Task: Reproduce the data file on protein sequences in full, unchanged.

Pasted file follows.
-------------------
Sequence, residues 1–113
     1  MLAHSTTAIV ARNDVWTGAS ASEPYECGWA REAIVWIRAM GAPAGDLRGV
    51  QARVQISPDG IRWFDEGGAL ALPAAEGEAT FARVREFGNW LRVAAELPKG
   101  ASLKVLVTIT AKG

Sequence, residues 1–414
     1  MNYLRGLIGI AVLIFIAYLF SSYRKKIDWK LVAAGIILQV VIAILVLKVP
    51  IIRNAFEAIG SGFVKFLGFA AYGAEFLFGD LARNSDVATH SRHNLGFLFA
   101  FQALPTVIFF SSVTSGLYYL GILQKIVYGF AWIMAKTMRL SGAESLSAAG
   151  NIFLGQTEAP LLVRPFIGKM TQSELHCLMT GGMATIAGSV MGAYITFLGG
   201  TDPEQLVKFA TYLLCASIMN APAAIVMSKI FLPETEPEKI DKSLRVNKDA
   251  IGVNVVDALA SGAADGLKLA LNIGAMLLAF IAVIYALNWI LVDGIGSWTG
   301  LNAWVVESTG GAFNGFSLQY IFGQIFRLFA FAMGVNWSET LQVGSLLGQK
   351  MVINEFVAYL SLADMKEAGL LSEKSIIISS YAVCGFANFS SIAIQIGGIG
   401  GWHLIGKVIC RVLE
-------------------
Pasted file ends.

Sequence, residues 1–113
     1  MLAHSTTAIV ARNDVWTGAS ASEPYECGWA REAIVWIRAM GAPAGDLRGV
    51  QARVQISPDG IRWFDEGGAL ALPAAEGEAT FARVREFGNW LRVAAELPKG
   101  ASLKVLVTIT AKG

Sequence, residues 1–414
     1  MNYLRGLIGI AVLIFIAYLF SSYRKKIDWK LVAAGIILQV VIAILVLKVP
    51  IIRNAFEAIG SGFVKFLGFA AYGAEFLFGD LARNSDVATH SRHNLGFLFA
   101  FQALPTVIFF SSVTSGLYYL GILQKIVYGF AWIMAKTMRL SGAESLSAAG
   151  NIFLGQTEAP LLVRPFIGKM TQSELHCLMT GGMATIAGSV MGAYITFLGG
   201  TDPEQLVKFA TYLLCASIMN APAAIVMSKI FLPETEPEKI DKSLRVNKDA
   251  IGVNVVDALA SGAADGLKLA LNIGAMLLAF IAVIYALNWI LVDGIGSWTG
   301  LNAWVVESTG GAFNGFSLQY IFGQIFRLFA FAMGVNWSET LQVGSLLGQK
   351  MVINEFVAYL SLADMKEAGL LSEKSIIISS YAVCGFANFS SIAIQIGGIG
   401  GWHLIGKVIC RVLE